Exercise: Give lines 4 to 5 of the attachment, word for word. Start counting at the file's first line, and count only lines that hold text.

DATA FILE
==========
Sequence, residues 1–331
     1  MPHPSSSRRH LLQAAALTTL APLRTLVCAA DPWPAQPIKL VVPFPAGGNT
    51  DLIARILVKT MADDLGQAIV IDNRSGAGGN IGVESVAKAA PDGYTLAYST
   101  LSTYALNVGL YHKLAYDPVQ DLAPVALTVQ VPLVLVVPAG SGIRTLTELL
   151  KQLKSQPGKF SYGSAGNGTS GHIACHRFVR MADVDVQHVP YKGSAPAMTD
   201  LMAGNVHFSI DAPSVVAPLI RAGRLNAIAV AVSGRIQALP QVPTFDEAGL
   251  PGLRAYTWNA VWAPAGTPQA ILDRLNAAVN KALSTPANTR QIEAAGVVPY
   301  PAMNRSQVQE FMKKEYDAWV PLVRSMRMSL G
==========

   101  LSTYALNVGL YHKLAYDPVQ DLAPVALTVQ VPLVLVVPAG SGIRTLTELL
   151  KQLKSQPGKF SYGSAGNGTS GHIACHRFVR MADVDVQHVP YKGSAPAMTD